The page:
400 words on work
I wrote a short 400-word piece of micro-writing for a site called 400 Words. I submitted it once and it was sent back with an e-mail error. I’ve submitted it again, but I’m going to post it here as well, just in case it never makes publication.
There’s a hum in my cubicle.
It’s filling the space between my ears. It’s not loud. But in my mind, it gets louder, slowly drowning out all other recognizable sounds. If I focus on it, it gets even louder. I put on my headphones. The hum is still there when I pull them away, persisting in a state of stasis, never adding or subtracting decibels, always becoming more apparent as I stare blindly at my computer, wishing the hum would just leave – just get the hell out of my cubicle and deliver itself on down the line.
I’m a writer, and writing becomes difficult when there’s a hum in the room. It distracts me. It’s frustrating. It’s constant. It continues to mock me, to scream at me, to remind me that I’ll never be Hemingway, that my career is worthless, that I might as well surf the Internet a bit more and let everything wash out like a road map in the back seat of a car.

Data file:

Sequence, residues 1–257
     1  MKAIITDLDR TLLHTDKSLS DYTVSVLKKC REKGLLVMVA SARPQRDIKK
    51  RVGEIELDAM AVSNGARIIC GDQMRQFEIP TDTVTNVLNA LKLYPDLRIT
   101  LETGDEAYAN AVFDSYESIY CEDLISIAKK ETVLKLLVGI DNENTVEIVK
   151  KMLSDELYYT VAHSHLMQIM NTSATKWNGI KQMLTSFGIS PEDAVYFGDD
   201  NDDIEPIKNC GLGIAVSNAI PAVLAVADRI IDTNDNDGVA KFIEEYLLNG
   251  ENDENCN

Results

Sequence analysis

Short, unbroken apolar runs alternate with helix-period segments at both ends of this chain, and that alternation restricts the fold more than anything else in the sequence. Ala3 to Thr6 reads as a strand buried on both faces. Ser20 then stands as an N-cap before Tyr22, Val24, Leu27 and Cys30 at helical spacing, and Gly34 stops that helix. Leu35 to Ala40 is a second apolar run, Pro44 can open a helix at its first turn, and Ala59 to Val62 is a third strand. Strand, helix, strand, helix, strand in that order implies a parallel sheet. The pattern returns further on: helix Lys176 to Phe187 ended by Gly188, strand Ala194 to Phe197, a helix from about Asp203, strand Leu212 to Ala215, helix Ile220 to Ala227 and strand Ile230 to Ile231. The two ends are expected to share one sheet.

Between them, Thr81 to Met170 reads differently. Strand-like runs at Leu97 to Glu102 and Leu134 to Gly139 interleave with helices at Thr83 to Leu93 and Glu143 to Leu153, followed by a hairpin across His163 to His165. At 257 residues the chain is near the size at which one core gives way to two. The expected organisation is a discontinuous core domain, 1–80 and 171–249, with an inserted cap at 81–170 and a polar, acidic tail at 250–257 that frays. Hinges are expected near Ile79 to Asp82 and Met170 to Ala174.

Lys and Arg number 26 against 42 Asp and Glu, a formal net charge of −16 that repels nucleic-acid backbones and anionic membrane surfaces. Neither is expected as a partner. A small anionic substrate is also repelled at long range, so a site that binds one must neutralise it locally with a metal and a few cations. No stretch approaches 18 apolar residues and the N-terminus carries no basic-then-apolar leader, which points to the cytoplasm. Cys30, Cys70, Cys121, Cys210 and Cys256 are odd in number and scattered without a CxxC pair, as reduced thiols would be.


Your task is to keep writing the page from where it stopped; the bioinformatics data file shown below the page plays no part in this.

I write advertising, which to many people is a hum all its own. It’s a thankless, nameless profession. I am responsible for trying to persuade you that a trek to the grocery store for a candy bar is a good idea. Even when you come home and watch another commercial while eating your candy bar, my job is the same. To sell you another candy bar. My ultimate goal is to get you to buy a second candy bar, even after you’ve already eaten the first one – to make you get off of your couch, where you are sitting comfortably without a candy bar, with a stomach full of your first candy bar. To worm my way into your brain again.
Like this humming. Mostly, you drown me out. It all sounds the same. I can’t help that: it is all the same. Toilet paper, candy bars, political candidates, electronics, feminine hygiene, crackers, vehicles. Everything you see is persuasive. And you don’t care anymore. You’re used to it.
The only time you can ignore it is when you are fully engaged in something else. That’s when the advertising goes away. That’s when the hum goes away; when the bleating announcers and the picture perfect products melt away, leaving nothing but a blank screen where a television signal once belonged.
Maybe the humming is just a generator. I’ve never figured it out.